Mirror, Mirror On The Wall, Whose Training Does It All?

Finding good talent is a challenge, but it’s not hard to retain if you foster a training-oriented culture at every level and share the rewards. 

Honest self-reflection

Many employers think they excel at training — even when they don’t. It’s not about bad intentions. Often, you’re simply too busy, tired or focused on other priorities. But remember the monarch in “Snow White,” who only looked in the mirror to be reminded of her unsurpassed beauty. That old German fairy tale is a vivid reminder that vain leadership yields poisonous fruit.

In contrast, honest self-reflection reveals fresh opportunities. As Stephen Covey, author of “The 7 Habits of Highly Effective People,” put it, “Effective people are not problem-minded; they’re opportunity-minded. They feed opportunities and starve problems.” 

You’re the foundation

Employees are like hot tubs — they need a solid foundation. Namely, in leaders who are open to change. 

“This industry is constantly growing and expanding,” says Cheyenne Mahncke, sales manager at Haven Spa, Pool & Hearth in Clackamas, Oregon. “When you don’t think you need to know anything more, that’s when you’re really in trouble.”

Guided by new owner Rafael Augusta, Haven’s executive team is learning the Entrepreneurial Operating System. It is a program of simple concepts and practical tools for improving leadership teams. 

“The resources within the EOS program are limitless,” Augusta says. “When you run up against something, you can always find an answer within the system.” 

And Mahncke believes it’s working. 

“It’s only been a few months, but it’s a 180-degree change from where we were … It’s exciting,” he says.

The wall of pain

Training identifies barriers to growth that must be overcome — year after year — to reach our full potential. The most stubborn barriers can be summed into one concept: The “wall of pain,” representing the limits of our talent, ability and knowledge.

Eric Neel is president of Clearwater Pool & Spa in Manchester, Tennessee. During the recession of 2008-09, nine years into building his business, Neel hit the wall of pain at full speed while trying to manage 32 employees across multiple divisions and dealing with millions in debt he could no longer cover. It was a problem and a learning opportunity.

After weathering the crisis and rebuilding the business, Neel decided to look for a coach. Phillip Jackson, a local business consultant, was one of Neel’s personal advisers. Personal coaching turned into professional consulting, with Neel eventually hiring Jackson as vice president. Both men emphasize the importance of effective leadership. 

“If you don’t have it, you can’t give it,” Jackson says.

Through some soul-searching, Neel realized he needed to be more effective in leading and training his employees.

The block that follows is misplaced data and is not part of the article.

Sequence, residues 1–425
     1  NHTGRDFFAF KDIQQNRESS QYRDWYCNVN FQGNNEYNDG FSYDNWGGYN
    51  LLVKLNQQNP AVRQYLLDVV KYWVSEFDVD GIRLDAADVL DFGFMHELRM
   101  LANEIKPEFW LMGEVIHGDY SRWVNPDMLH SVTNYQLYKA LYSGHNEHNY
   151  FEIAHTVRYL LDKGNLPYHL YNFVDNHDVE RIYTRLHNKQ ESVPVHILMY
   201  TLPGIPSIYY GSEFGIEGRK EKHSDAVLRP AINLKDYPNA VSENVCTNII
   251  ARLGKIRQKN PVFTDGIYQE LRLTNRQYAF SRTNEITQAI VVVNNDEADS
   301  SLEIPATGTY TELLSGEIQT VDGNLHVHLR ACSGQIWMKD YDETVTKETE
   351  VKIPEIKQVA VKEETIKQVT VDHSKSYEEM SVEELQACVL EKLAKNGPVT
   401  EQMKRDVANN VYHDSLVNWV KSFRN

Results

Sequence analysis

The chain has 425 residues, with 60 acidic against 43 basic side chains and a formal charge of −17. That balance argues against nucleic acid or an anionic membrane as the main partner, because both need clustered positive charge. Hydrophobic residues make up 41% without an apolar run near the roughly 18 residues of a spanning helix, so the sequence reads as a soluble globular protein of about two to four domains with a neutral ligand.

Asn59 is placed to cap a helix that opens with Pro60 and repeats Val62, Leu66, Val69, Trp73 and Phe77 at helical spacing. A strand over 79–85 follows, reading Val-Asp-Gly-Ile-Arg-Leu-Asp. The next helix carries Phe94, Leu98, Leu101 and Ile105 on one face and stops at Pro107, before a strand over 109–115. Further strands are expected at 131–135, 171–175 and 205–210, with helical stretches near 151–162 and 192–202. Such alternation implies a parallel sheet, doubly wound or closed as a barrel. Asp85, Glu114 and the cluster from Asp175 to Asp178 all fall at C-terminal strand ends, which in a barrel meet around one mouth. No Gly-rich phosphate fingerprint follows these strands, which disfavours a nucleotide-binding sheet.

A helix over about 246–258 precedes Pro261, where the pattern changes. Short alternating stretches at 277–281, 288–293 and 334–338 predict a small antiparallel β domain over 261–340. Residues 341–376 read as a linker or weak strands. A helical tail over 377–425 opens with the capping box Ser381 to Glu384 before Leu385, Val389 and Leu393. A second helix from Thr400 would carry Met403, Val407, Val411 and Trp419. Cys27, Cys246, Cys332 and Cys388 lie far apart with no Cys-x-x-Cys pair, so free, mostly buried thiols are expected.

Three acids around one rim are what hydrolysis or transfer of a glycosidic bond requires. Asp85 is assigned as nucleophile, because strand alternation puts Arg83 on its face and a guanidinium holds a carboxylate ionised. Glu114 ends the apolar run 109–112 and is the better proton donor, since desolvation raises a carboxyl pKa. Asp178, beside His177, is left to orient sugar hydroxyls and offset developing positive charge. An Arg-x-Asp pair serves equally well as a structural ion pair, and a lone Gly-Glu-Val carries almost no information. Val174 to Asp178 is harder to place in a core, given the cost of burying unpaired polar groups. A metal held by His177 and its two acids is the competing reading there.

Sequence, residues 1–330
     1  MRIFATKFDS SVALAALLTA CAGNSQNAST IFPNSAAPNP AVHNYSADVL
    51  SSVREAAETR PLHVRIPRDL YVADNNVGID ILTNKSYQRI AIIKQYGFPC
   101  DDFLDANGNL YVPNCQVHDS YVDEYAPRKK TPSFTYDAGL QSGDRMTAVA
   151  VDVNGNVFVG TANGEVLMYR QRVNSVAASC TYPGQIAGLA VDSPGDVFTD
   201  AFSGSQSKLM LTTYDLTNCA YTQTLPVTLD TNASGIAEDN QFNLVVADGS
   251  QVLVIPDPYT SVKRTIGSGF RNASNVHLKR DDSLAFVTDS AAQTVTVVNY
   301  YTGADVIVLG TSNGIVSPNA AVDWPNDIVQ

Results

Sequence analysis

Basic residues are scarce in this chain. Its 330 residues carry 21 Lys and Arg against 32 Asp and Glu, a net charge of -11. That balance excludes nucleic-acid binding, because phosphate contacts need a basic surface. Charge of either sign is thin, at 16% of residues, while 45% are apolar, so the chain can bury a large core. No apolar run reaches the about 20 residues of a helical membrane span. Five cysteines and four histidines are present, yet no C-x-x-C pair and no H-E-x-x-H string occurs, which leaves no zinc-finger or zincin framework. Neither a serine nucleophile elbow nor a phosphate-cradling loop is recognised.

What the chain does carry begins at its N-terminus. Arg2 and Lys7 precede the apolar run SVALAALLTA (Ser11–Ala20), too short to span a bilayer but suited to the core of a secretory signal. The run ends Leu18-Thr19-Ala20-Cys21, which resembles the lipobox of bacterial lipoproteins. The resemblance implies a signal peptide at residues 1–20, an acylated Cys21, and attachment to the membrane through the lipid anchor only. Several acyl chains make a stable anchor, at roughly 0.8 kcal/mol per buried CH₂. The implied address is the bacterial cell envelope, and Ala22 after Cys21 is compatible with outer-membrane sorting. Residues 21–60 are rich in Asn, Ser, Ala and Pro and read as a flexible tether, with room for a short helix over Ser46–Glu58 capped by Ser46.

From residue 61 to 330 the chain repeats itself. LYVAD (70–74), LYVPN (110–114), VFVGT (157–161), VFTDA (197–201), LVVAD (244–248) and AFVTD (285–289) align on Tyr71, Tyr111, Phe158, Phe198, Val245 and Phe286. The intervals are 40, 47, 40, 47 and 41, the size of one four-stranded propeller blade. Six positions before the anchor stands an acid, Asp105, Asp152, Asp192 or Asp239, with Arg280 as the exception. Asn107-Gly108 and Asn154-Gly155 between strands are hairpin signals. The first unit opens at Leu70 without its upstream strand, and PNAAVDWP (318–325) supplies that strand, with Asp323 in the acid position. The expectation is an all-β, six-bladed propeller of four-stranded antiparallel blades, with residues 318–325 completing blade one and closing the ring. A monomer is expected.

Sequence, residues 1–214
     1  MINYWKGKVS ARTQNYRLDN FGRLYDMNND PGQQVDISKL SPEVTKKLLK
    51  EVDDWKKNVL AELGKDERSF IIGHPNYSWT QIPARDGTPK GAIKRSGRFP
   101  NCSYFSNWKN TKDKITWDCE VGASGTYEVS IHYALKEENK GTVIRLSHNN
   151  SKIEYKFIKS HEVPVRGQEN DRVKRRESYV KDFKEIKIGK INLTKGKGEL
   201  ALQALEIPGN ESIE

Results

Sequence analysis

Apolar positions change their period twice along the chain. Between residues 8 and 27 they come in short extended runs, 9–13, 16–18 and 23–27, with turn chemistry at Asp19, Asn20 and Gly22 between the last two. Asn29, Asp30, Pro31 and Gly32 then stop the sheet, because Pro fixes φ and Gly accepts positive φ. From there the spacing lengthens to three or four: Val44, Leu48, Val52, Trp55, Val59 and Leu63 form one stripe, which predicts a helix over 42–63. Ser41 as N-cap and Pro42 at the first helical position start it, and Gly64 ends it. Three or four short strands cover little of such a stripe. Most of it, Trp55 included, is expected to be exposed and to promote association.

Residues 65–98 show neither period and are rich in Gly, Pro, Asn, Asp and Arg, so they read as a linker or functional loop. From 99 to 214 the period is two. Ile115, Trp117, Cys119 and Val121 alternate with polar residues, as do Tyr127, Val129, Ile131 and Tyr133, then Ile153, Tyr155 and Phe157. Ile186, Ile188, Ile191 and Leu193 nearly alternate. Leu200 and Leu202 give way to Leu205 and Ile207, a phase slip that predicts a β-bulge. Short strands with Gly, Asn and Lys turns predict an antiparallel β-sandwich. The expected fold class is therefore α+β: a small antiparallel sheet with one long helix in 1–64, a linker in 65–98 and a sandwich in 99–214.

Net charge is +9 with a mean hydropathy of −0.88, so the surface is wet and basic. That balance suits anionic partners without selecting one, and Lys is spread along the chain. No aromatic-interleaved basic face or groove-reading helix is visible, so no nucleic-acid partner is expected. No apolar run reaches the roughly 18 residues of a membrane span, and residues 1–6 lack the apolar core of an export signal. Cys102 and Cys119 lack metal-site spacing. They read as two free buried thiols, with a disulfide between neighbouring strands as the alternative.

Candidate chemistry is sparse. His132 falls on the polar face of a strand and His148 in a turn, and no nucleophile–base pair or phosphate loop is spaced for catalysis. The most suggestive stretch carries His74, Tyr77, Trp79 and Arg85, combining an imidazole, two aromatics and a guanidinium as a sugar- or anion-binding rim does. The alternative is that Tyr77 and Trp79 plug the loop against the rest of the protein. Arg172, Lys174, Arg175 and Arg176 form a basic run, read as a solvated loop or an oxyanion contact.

“I thought I was a pretty good leader, but I had to realize, ‘OK, I really don’t know how to do this — how do I lead this staff?’ ” he recalls. “I started to figure out how to lead people. I started reading books on it.”

Relearning to build the business paid off, including its debts. What began with Neel, his wife and Jackson has grown into a business with higher revenue and 34 employees.

But Neel also learned to share the harvest. He credits tactful advice from a local businessman he admires. “It was one of those things that really changed my view,” Neel says. “When you find good people, you need to compensate them so they’re motivated to stay around.”

To Jackson, reaching out to others for advice about leadership is just as important as training employees.  

“Identify five or ten people you respect in business,” he recommends. “Once a month, go to one of them and say, ‘I’ve admired you from afar. If I buy lunch, will you go?’ And pick the nicest restaurant in town.” In his experience, the ones who can teach you something become apparent.

Improving the new-hire experience

Whether they are seasonal employees or seasoned professionals, it’s important to consider how to improve the onboarding process.

“It’s all about clear and concise communication,” says Mallory Bjekich-Wachowski, co-owner at Toolbox for Excellence. Using the analogy of SMART goals, she recommends making sure every new hire gets: 

  • Specific expectations
  • Measurable progress
  • Achievable goals
  • Relevant feedback
  • Time-bound milestones

“There is so much to learn; it can really overwhelm people,” she says. “But it helps if they see the baby steps and the accomplishments they make, and you give them that pat on the back.”

She also recommends carving out little moments for training. 

“I always joked with my team that I was the master of the five-minute training session,” she says. “Once the store clears out, just sitting the team down for five minutes — without calling anybody out — and saying, ‘Let’s talk about that really quick and review our process.’ ”

Toolbox for Excellence

Many retailers wish their trainings were more structured, but they lack enough time to make it happen. To fill this need, Bjekich-Wachowski co-founded Toolbox for Excellence. Among its paid services are two online training courses:

  • New-Hire Training & Train the Trainer
  • Owner Essentials: Elevate Your Leadership

For details, visit toolboxforexcellence.com

The company also offers in-person consulting services from identifying key performance indicators to developing better lead generation and tracking processes. 

“We teach people to know their numbers and show them what their return on investment will be,” she says.

Bjekich-Wachowski has a master’s degree in management and leadership, but her career started during college, doing seasonal work for a spa retailer in Illinois. “They really valued education and offered a program for their summer employees, where the top salespeople were awarded a scholarship,” she says. “That was motivation for me to keep coming back.”

Training for PHTA members